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What's really at issue in the Koreatown-Little Bangladesh dispute

The important question is what community stakeholders will do for residents once they claim a neighborhood.

November 17, 2009|By Eileen Ma and Preeti Sharma

Steve Lopez's Nov. 8 column about naming a part of Koreatown "Little Bangladesh" trivializes an important issue for a newer immigrant community struggling for acceptance and recognition in Los Angeles. For Koreatown's Bangladeshi community, which many don't know exists, an official recognition by City Hall and a few well-placed signs help legitimize the community as an important and valued presence in L.A.

Lopez focuses a lot on the pomp, circumstance and provincialism involved in the Koreatown-Little Bangladesh naming debate; he devotes much of his column to City Councilman Tom LaBonge's efforts at mediation. Lopez barely touches on the complexity inherent in community efforts to create and build their own identities, a struggle not unfamiliar to Los Angeles. The focus on limited disagreement between some community stakeholders creates a distorted picture of division among these communities and actually misses the real story here.

Most Koreatown residents we know are very proud of their own respective cultural heritages. They also acknowledge and love that Koreatown is a diverse community where people of various races and ethnicities live and work together. Koreatown is and always has been a multiethnic community and, for a long time, a center for immigrants to Los Angeles (about 70% of the residents here are immigrants). Koreatown's diverse residents coexist there and claim the neighborhood as their home -- immigrants from not only Bangladesh and Korea but also from Mexico, El Salvador, Guatemala, Honduras and other Latin American nations.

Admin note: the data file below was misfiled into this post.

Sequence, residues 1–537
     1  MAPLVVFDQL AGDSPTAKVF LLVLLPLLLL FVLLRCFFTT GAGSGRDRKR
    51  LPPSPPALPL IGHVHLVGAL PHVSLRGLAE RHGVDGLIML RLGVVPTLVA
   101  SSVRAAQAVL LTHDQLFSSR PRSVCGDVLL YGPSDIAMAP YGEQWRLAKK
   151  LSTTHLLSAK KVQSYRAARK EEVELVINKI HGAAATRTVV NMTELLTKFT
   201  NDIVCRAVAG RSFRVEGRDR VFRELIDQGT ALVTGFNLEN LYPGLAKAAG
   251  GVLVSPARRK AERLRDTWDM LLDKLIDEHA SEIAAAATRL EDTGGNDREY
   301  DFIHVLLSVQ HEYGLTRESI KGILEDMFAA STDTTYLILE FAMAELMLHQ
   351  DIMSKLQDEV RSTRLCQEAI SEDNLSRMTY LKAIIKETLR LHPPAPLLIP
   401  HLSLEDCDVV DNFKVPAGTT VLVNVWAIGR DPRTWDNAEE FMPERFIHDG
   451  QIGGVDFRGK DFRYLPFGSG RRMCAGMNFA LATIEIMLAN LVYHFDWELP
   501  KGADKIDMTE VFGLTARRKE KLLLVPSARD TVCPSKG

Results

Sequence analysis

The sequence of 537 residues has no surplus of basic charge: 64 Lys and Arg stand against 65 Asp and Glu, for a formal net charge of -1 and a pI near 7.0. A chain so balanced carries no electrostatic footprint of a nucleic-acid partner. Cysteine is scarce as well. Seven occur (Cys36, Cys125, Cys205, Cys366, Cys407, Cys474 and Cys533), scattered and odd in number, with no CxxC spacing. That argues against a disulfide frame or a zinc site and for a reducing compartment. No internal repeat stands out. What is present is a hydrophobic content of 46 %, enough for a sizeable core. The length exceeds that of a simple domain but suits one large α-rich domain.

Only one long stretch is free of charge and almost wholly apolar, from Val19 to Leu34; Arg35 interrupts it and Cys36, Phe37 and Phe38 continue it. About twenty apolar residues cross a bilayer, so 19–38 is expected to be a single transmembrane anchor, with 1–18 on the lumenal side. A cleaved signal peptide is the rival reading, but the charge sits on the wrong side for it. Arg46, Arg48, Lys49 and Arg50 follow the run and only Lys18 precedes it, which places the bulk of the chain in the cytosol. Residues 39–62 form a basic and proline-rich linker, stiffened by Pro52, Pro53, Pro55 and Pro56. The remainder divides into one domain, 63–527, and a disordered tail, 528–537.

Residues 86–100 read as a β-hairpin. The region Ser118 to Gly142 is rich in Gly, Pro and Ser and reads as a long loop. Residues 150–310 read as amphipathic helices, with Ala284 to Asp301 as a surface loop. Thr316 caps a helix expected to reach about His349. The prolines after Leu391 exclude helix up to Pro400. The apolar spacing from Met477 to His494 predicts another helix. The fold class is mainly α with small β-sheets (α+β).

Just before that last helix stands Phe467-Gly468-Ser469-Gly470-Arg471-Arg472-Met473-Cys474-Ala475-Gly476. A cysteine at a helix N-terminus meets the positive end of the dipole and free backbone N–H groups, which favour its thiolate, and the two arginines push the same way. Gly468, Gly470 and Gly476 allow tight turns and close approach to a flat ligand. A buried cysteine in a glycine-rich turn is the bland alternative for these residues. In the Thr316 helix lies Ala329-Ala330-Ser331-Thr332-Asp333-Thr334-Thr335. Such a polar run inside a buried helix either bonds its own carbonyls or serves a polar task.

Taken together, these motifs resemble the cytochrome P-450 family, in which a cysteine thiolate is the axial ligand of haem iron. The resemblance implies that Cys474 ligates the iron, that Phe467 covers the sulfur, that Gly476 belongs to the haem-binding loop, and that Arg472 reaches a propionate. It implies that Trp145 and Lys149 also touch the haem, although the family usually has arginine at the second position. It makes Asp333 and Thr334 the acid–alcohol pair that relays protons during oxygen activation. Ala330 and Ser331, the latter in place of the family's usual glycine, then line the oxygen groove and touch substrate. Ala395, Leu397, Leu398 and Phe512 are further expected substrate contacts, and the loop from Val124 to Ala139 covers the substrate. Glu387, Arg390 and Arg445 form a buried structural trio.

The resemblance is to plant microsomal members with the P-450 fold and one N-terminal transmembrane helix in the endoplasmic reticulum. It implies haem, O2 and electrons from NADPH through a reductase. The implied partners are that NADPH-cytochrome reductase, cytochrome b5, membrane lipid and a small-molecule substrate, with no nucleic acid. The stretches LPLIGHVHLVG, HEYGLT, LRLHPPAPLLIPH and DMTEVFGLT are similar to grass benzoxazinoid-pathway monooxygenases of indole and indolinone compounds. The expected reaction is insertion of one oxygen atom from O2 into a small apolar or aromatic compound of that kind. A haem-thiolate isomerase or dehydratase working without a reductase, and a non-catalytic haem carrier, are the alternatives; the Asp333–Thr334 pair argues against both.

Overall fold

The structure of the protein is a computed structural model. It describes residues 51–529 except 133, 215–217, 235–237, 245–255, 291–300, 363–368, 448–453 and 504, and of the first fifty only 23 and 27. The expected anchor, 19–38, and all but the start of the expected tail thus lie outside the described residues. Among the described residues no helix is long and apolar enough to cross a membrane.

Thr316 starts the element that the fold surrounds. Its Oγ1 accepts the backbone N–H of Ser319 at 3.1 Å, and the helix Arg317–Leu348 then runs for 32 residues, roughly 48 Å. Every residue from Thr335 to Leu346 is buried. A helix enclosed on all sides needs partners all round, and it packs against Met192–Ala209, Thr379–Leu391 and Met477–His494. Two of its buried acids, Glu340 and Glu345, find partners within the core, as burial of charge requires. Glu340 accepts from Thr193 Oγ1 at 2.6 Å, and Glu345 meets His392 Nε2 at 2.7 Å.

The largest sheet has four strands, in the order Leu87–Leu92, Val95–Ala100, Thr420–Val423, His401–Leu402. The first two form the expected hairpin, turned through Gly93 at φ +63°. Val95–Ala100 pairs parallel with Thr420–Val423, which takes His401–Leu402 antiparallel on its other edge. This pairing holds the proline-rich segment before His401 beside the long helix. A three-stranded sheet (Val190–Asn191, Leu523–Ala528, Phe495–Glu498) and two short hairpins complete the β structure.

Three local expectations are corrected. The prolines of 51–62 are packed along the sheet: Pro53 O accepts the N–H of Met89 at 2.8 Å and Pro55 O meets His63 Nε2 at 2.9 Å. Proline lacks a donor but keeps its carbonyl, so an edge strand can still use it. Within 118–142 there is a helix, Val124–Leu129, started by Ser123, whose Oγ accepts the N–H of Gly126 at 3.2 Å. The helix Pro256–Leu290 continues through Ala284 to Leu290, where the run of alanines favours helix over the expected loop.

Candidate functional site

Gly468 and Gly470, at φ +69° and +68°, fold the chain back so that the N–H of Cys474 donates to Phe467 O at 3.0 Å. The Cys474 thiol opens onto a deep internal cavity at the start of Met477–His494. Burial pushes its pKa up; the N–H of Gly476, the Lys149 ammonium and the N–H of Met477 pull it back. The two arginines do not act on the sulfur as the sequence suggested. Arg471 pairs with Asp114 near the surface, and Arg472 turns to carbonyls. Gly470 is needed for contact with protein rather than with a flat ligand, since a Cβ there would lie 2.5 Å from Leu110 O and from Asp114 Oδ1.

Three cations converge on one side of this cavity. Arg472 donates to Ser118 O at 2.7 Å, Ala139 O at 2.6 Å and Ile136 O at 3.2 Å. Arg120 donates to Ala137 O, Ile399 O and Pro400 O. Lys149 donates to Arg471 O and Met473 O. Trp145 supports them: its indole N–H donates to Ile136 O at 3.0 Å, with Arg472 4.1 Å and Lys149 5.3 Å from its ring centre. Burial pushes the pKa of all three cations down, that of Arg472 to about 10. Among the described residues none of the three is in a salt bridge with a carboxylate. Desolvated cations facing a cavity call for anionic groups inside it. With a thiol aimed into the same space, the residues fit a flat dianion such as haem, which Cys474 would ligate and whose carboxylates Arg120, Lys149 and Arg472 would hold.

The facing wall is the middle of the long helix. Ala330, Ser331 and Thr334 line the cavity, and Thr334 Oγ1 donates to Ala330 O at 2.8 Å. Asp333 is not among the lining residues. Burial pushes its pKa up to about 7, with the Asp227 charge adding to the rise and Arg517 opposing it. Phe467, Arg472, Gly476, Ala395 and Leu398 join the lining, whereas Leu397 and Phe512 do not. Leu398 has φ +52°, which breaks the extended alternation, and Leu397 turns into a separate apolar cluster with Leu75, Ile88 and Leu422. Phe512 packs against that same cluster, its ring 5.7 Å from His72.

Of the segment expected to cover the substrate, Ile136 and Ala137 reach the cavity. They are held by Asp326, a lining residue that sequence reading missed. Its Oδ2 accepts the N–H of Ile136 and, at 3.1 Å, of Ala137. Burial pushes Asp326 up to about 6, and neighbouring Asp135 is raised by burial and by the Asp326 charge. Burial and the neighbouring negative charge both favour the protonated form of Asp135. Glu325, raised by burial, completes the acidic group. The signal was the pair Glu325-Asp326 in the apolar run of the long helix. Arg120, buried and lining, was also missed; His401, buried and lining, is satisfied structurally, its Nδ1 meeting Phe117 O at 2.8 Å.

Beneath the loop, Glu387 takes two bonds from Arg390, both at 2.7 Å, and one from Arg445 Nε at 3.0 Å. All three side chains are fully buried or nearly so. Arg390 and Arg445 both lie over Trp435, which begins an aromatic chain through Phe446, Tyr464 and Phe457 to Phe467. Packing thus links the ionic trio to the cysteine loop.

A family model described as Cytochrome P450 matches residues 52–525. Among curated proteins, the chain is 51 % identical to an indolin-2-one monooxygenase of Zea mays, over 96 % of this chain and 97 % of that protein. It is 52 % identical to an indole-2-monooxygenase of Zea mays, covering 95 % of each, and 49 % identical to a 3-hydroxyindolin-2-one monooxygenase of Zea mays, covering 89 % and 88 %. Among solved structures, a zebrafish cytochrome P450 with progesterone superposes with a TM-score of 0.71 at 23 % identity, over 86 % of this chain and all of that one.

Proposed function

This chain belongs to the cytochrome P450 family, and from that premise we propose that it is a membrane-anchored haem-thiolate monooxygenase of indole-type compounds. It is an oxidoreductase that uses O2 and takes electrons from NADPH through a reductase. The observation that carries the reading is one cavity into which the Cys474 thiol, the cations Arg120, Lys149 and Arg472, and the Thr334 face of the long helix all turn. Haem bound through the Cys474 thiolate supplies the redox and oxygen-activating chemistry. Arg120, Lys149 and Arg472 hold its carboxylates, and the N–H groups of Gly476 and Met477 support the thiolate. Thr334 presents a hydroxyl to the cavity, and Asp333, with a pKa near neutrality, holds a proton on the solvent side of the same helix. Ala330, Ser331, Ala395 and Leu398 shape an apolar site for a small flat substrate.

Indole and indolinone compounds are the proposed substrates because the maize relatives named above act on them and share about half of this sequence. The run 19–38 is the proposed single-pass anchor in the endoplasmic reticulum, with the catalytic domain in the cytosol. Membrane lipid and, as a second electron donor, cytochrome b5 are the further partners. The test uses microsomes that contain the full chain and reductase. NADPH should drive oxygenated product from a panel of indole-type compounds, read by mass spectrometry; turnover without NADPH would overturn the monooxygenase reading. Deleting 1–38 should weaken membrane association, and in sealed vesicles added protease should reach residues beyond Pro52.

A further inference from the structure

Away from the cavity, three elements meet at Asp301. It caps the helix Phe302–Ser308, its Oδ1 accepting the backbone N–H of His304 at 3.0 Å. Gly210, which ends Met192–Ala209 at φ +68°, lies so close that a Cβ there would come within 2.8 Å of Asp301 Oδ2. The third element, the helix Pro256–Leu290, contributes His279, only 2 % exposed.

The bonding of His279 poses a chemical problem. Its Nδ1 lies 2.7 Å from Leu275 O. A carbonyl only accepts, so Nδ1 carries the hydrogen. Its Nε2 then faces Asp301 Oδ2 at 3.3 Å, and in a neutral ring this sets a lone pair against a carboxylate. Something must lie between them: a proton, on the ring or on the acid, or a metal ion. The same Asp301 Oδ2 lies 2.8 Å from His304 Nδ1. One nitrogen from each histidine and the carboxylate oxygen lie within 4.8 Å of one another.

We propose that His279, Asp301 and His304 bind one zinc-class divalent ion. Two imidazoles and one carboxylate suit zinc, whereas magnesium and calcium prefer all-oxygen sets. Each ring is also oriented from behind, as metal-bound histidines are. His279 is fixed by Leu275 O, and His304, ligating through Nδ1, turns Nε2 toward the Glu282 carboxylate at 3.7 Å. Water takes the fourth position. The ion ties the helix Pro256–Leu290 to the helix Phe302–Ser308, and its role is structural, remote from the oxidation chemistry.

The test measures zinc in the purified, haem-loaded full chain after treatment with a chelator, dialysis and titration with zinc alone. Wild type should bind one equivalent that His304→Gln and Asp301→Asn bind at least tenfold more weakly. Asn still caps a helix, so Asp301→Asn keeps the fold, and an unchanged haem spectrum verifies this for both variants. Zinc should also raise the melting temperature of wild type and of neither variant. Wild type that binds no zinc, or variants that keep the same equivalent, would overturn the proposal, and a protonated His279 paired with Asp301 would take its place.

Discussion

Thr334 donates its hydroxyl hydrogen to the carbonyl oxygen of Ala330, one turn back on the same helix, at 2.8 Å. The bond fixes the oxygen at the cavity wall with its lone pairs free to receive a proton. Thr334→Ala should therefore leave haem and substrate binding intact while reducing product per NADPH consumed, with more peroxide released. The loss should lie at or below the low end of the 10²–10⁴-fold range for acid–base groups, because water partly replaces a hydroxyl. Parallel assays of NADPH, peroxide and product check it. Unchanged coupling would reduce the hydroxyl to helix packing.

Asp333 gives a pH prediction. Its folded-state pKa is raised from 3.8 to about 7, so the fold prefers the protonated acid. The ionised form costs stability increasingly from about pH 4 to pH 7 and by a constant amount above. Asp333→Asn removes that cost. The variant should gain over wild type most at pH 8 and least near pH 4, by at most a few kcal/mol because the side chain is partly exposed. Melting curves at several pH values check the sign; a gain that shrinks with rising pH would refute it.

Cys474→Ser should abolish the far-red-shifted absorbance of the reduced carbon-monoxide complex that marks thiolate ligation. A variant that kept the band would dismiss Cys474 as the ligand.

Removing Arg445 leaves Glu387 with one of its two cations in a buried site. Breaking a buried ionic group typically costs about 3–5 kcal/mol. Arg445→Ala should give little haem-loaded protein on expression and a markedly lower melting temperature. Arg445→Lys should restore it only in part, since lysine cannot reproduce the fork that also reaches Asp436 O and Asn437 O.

Perhaps not coincidentally, about 70% of Koreatown residents are also working poor, earning less than twice the federal poverty line. These residents share multiple issues in common: an inadequate supply of quality affordable housing, high rents, low wages, too few job opportunities, the threat of gentrification and a fear of displacement. Neighborhood boundaries and labels cannot begin to set aside what Koreatown residents, no matter their ethnicity, have in common. The work the South Asian Network and Koreatown Immigrant Workers Alliance do together to address affordable housing issues testifies to the high degree of unity among area residents.

The real question is not what you call the neighborhood, but who will be responsible for it. By participating in its naming, you acknowledge your responsibility in its upkeep. Residents will tell you there's plenty to be responsible for in Koreatown. We need more quality affordable housing, parks, libraries, accessible healthcare and so on.

We cherish Koreatown and appreciate the historical legacy of that name. But we also acknowledge the importance of other designations and the fact that others may identify with other names, such as Wilshire Center, Little Bangladesh, even Mid-Wilshire or, in parts, Pico Union. And maybe there ought to be others; Little Oaxaca comes to mind.

But whatever you call the neighborhood, the important question if you claim it is this: What are you doing to address the critical needs of that community and its residents? Studies done by our organizations show the critical need is affordable housing, for without it, low-income Bangladeshis, Koreans and Latinos who live here and make this neighborhood such a dynamic place will no longer be there. In that case, no one would care what you call the neighborhood.

Eileen Ma is campaign director for the Korean Immigrant Workers Alliance. Preeti Sharma is a community advocate with the South Asian Network.

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